Flick gestures are triggered when the user releases contact with the screen while still moving the touch point. This tends to be useful for initiating kinetic scrolling, in which objects continue moving after touch is released in the direction that the user had been moving.

To tell how fast and in which direction the flick occurred, read the GestureSample.Delta property. Unlike drag gestures, however, this property contains the movement distance for each axis measured in pixels per second, rather than pixels since the previous position measurement.

To scale this to pixels per update to retain the existing motion, we can multiply the Delta vector by the length of time of each update, which we can retrieve from the TargetElapsedTime property. The scaled delta value calculation is shown in Listing 5.

Example 5. Scaling the Flick delta to represent pixels-per-Update rather than pixels-per-second
Vector2 deltaPerUpdate = gesture.Delta * (float)TargetElapsedTime.TotalSeconds;					  

One piece of information that we unfortunately do not get from the Flick gesture is the position from which it is being flicked, which is instead always returned as the coordinate (0, 0). To determine where the flick originated, we therefore need to remember the position of a previous gesture, and the only gestures that will reliably provide this information are the drag gestures. It is therefore likely that you will need to have a drag gesture enabled for this purpose.

2.7. Pinch

When the user makes contact with the screen with two fingers at once, a Pinch gesture will be initiated and will report on the position of both touch points for the duration of the contact with the screen. As with the drag gestures, updates will be provided only if one or both of the touch points has actually moved.

XNA will ensure that the same point is reported in each of its position and delta properties (Position, Position2, Delta, and Delta2), so you don't need to worry about them swapping over unexpectedly.

Once either of the contacts with the screen ends, a PinchComplete gesture is added to the queue to indicate that no further updates from this gesture will be sent. If the remaining touch point continues to be held, it will initiate a new gesture once it begins to move.

Just as with multitouch data from the raw touch API, testing pinch gestures on the emulator is impossible unless you have a suitable touch screen and Windows 7. This gesture is therefore best tested on a real device.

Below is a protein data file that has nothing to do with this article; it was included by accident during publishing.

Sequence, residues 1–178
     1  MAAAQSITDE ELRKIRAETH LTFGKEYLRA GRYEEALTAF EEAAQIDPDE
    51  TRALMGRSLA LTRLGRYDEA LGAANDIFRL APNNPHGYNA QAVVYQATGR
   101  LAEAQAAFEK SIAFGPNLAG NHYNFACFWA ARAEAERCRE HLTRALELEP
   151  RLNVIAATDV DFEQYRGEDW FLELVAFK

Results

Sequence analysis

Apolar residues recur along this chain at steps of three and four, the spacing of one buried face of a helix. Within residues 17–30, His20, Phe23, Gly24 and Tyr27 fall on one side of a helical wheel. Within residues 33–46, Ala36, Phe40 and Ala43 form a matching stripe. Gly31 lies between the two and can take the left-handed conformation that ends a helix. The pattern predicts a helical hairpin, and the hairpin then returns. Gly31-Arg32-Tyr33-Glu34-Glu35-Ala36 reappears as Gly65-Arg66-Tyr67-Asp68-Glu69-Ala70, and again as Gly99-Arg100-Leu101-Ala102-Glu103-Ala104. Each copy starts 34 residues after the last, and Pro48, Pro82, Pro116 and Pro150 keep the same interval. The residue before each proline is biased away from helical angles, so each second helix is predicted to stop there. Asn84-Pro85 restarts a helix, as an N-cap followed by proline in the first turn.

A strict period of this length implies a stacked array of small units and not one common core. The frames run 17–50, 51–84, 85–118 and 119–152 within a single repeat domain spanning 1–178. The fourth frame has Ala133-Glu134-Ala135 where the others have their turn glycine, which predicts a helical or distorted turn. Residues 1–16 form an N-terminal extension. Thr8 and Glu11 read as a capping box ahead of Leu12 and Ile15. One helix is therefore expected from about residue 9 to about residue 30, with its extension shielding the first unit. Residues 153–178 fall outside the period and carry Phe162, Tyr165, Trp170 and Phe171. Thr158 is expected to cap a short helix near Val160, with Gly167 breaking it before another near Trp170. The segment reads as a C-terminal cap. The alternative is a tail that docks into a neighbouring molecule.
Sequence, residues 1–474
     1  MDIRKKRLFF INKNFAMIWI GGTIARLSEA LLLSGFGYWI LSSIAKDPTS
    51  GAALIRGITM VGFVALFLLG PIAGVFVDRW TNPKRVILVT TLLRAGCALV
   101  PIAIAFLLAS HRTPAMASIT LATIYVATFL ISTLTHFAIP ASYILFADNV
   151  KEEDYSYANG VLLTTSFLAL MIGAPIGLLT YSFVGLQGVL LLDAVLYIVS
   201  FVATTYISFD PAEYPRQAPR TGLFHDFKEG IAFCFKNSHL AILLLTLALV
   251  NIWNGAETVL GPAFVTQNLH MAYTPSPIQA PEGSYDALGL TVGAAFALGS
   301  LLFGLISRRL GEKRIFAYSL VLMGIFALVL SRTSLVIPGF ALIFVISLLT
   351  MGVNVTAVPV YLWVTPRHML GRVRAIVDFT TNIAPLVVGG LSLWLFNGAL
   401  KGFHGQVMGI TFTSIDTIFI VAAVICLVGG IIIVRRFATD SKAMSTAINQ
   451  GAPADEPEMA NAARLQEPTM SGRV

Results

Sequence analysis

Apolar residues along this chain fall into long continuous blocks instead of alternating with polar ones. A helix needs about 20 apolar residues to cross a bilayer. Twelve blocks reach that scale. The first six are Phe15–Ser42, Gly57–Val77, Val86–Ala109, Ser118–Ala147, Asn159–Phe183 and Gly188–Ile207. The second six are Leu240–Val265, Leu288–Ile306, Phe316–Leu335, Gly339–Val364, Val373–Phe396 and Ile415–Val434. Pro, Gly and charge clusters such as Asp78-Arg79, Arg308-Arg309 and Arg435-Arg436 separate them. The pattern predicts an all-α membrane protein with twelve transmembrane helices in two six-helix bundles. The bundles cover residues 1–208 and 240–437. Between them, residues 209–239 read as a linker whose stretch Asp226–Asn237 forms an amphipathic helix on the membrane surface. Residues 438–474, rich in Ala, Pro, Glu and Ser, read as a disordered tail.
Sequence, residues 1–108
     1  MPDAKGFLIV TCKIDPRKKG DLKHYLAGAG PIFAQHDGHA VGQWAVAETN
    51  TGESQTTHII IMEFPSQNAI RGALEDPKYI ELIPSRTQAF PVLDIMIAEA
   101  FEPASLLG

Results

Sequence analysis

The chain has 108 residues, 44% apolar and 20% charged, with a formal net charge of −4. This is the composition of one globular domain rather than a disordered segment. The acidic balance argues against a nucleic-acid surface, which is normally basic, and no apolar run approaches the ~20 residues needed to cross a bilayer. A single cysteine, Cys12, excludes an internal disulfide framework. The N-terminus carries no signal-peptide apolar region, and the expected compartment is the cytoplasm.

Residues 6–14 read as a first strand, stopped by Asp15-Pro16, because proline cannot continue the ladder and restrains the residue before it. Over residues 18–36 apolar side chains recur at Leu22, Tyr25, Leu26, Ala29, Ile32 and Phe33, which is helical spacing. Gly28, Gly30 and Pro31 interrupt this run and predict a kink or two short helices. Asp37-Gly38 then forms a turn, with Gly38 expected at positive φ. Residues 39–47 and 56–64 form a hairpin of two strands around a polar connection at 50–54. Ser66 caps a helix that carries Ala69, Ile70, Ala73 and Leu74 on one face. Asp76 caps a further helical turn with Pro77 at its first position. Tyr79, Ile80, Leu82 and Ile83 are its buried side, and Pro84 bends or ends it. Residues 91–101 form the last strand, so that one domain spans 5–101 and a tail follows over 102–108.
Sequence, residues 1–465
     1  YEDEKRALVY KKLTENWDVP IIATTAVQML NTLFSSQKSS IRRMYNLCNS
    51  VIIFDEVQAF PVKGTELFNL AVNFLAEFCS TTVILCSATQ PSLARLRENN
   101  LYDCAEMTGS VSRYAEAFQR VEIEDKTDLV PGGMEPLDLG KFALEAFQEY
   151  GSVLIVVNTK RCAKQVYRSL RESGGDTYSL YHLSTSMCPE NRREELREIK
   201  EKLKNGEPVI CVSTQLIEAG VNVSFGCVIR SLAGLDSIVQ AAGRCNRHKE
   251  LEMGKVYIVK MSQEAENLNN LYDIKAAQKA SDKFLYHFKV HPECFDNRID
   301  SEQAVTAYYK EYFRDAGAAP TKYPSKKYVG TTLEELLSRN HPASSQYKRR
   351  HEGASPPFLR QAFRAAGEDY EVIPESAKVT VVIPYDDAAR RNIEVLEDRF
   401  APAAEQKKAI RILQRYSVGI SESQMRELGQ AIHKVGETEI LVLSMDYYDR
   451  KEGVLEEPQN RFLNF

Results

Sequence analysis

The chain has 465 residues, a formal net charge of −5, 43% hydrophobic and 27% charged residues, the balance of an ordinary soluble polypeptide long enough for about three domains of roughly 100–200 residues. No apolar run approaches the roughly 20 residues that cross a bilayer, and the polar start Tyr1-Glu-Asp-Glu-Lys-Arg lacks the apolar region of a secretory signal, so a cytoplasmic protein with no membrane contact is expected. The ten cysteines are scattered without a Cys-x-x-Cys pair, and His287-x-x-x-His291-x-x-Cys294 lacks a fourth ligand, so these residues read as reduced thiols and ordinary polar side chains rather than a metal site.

2.8. Working with Rotated and Scaled Screens

Just as with the raw touch data coordinates, positions from the Gestures API are automatically updated to match the rotation and scaling that is active on the screen, so no special processing is required if these features are in use.

2.9. Experimenting with the Gestures API

The GesturesDemo example projectwill help you experiment with all the gestures we have discussed in this section. It is similar to the TouchPanelDemo from the previous section, but uses different icons for each of the recognized gestures. The icons are shown in Figure 1.

Figure 1. The icons used for the different gesture types in the GesturesDemo project


This project deliberately displays the icons a little above and to the left of the actual touch point so that they can be seen when touching a real phone (otherwise they appear directly beneath your fingers and are impossible to see). This looks a little odd in the emulator, however, as their positions don't directly correspond to the mouse cursor position, so don't be surprised by this.

By default, the project is set to recognize the Tap, DoubleTap, FreeDrag, Flick and Hold gestures. Try enabling and disabling each of the gesture types and experiment with the movement patterns needed to initiate each. You can also use this as a simple way to see how the gestures relate to one another (for example, try enabling all three of the drag gestures and see how XNA decides which one to use).